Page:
ShadowServer shows that the domains under that person’s control, globdomain.ru (not globdomian.ru as reported by the Smoking Gun) and greenter.ru, have been prolific since 2010 in launching DDOS attacks against 14 countries and more than 30 industries and government websites. An update from ShadowServer in January 2011 counted 170 “different victims. Again, these attacks are across many different industries and target some rather high profile sites.” (It doesn’t identify them.)

The DDOS attacks use the BlackEnergy botnet, described by Arbor Networks’ Jose Nazario in a 2007 paper [PDF]. Back then Nazario reported the botnet’s C&C systems were hosted in Malaysia and Russia.

The same email address used for those two domains has registered other domains: trashdomain.ru, which has been recorded as the host for a Trojan dropper called Microjoin.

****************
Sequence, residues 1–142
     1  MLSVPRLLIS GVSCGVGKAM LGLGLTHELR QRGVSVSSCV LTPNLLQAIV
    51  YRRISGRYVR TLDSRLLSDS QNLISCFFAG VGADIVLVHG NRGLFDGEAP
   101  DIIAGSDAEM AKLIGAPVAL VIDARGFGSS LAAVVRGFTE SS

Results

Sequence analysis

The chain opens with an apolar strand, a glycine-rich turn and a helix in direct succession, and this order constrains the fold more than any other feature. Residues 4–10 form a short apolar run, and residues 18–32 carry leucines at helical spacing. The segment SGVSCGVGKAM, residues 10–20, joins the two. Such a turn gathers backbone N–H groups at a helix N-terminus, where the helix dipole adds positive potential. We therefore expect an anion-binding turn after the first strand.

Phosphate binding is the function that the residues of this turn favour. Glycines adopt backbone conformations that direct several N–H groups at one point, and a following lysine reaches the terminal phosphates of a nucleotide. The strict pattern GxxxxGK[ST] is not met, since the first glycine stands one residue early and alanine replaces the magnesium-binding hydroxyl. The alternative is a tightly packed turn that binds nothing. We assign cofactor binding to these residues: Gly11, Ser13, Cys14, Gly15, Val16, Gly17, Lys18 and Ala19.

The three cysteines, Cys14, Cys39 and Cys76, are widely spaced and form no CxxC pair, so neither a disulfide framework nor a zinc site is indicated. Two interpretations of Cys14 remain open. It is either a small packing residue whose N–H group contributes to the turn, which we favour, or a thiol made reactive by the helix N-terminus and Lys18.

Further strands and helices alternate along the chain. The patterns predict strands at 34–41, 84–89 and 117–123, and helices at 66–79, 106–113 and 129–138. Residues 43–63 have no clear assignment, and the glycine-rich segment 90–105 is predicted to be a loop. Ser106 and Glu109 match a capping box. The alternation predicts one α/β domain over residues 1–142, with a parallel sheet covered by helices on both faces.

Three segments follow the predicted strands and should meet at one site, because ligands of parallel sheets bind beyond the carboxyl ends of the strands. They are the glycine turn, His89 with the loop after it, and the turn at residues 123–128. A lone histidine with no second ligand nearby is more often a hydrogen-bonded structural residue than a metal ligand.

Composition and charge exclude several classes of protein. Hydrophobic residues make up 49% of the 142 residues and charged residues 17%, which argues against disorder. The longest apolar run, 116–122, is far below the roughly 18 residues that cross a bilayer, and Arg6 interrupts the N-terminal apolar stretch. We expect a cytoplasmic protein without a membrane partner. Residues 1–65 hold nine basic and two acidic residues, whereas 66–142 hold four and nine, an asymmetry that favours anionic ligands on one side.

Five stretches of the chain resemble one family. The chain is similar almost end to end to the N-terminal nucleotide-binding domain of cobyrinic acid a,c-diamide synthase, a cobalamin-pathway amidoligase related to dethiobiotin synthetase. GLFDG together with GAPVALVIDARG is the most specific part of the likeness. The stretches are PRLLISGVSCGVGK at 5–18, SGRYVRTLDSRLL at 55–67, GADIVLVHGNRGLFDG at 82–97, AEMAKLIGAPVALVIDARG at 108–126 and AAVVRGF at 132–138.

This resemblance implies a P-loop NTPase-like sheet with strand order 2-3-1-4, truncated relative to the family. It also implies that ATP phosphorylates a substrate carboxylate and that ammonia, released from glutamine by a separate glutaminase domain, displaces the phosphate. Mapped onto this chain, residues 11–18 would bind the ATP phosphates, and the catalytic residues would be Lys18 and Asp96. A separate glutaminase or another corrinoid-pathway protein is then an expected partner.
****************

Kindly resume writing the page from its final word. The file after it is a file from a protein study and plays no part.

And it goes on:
In other words, this is a lot more than about batteries. This appears to be a DDOS for rent to businesses wanting to take out business rivals in a host of fields. Indeed, the FBI investigation makes this clear, and cites the $600,000 damage caused as included attacks on “a wide range of businesses located in the United States.” (This does not include the dozen other countries affected, hence, presumably, the quite low sum involved.)

The batteries attack took place in October 2010, but the FBI document makes clear that as of May 2011 the attacks were still going on.